death of the bunglows

About forty years ago, when Rs 200 a month was a princely salary, back then when 25 paisa still had value, when chennai had only a handful of cars, when Chennai had only a handful of signals. Chennai’s only shopping mall then was Spencers. Back in those days, people would be scared to drive down to Adyar after 7 pm, when it was a nothing buy empty expanse of land. Back then Alwarpet, Poes Garden, Boat Club Road, and Gopala Puram, apart from Purasaiwalkam were the posh areas where the ‘lakshadipathis’ of Chennai lived. They managed to get huge plots of land at throw away prices. This was the time when the return on land was much lower than return on fixed deposits. The middle class areas were T Nagar, Mambalam, Mylapore and parts of Purasaiwalkam, where smaller modest houses were built, not huge monsters.

In this time, the houses in the posh areas were really big, the wealthy then would build houses on 10 ground plots, just to get an idea of how big these houses were, nope SS Vasans house is an example of colonial architecture (built before independence), most of the bunglows I’m reffering to were built after independence, in the 50s and 60s. There is a house close to that which is a perfect example. On Dr Radha Krishnan road, opposite to Nilgiris, just after Woodlands, there will be a compound wall, almost 10 feet high, just walk along the house, that is how big usually a bunglow was, try and take a small peak inside the compound through the narrow gaps in the gate, and this happens to belongs to the TAFE group, if I’m not wrong it is Mallika Srinivasan’s house.

Where I currently live, between Alwarpet and Mylapore, was filled with such big ostentatious display of wealth. Where huge walls, and iron gates told one to clearly stay out, visitors, who weren’t know to the owners weren’t welcome, they weren’t meant to be welcoming buildings. Over time, the joint family concept disappeared, brothers no longer wanted to live under the same roof, they preferred the nuclear families, and slowly these houses became huge responsibilities to maintain, too big for the nuclear families. They sold these huge houses to flat promoters. The first flats made their appreance in this area back in the late 80s, when a flat was sold for Rs 2 lakh, thus began the invasion of flats into this area. In my street, my house was considered a small house, there were houses with huge gardens, big trees, where I’ve played cricket as a kid, and all these houses over time were sold to flat promoters, now my house is amongst the few independent houses.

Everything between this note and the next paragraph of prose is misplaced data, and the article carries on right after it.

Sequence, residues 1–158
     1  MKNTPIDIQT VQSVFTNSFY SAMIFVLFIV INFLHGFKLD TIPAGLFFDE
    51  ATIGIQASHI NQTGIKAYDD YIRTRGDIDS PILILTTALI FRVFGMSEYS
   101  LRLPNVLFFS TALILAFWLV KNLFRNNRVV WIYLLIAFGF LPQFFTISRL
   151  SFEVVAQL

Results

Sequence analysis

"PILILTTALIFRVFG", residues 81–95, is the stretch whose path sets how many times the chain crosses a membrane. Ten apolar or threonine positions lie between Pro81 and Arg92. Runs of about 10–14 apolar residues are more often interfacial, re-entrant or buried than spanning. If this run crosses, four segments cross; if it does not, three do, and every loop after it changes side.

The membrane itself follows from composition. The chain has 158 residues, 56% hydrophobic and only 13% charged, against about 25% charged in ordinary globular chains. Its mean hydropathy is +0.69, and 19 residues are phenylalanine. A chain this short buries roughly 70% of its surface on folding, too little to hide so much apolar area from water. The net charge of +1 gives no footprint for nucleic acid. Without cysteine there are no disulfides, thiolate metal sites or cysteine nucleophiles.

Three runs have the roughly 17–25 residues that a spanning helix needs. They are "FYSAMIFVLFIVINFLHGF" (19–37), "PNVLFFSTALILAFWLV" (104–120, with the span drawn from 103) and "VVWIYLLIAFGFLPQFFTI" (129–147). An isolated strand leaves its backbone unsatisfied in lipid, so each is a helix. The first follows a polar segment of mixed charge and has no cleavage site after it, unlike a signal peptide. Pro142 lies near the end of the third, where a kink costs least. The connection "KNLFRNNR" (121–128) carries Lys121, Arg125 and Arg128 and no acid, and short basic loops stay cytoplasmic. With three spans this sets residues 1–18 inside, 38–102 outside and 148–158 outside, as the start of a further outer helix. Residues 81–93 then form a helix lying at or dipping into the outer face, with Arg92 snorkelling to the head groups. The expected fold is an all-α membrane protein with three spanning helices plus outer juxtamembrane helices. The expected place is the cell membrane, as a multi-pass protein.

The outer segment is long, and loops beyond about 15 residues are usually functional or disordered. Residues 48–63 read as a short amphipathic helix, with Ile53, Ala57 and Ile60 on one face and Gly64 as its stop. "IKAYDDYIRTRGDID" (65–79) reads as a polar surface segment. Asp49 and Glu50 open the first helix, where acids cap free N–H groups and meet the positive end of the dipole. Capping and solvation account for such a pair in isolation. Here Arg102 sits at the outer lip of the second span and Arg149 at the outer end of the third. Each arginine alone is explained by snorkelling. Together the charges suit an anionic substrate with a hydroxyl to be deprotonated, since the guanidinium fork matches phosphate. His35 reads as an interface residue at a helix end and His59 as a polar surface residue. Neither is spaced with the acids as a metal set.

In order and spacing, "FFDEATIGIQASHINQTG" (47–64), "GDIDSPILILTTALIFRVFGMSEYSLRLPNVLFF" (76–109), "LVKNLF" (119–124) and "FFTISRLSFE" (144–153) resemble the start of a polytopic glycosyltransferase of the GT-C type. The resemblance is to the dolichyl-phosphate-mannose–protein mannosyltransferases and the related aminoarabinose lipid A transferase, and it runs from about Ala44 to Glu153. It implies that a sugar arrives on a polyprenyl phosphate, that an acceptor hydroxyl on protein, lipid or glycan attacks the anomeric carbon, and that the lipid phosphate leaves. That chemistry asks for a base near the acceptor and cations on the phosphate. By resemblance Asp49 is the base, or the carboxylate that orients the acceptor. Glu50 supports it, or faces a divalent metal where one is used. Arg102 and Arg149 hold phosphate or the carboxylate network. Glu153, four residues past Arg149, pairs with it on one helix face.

The earliest flats were primarily middle class housing, meant to cater to those who couldn’t afford houses, but then independent houses were still preferred by those who could afford them. Apartments or flats then were associated with ‘housing boards’ or public housing schemes. Slowly, around the 90s, convenience of the flat seemed to win over the costs of maintaining a bunglow or an independent house. Thus begun the invasion of the flats, slowly this middle class housing option became fashionable, and expensive. Today, the nature of the flat and the area, reflects the residents wealth and social standing, a deluxe flat in the same my area now costs Rs 1 crore, its still as expensive as a bunglow was then, it is as much a show of wealth and social standing of its residents as a bunglow was then, but it lacks the colour that a bunglow had, it doesn’t have those huge drive-ways, or the lawns, or the huge gardens.